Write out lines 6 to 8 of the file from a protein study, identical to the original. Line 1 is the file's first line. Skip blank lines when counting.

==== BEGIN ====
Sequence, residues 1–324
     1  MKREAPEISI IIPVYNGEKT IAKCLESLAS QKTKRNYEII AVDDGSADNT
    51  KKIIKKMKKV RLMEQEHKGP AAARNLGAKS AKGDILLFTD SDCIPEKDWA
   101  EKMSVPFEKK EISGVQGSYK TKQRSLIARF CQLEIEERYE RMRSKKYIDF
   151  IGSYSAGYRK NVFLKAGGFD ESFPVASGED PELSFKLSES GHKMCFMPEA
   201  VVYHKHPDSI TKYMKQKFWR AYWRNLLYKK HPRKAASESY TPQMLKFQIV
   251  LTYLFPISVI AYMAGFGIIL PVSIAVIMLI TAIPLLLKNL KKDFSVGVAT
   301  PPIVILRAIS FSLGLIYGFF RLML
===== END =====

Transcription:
   201  VVYHKHPDSI TKYMKQKFWR AYWRNLLYKK HPRKAASESY TPQMLKFQIV
   251  LTYLFPISVI AYMAGFGIIL PVSIAVIMLI TAIPLLLKNL KKDFSVGVAT
   301  PPIVILRAIS FSLGLIYGFF RLML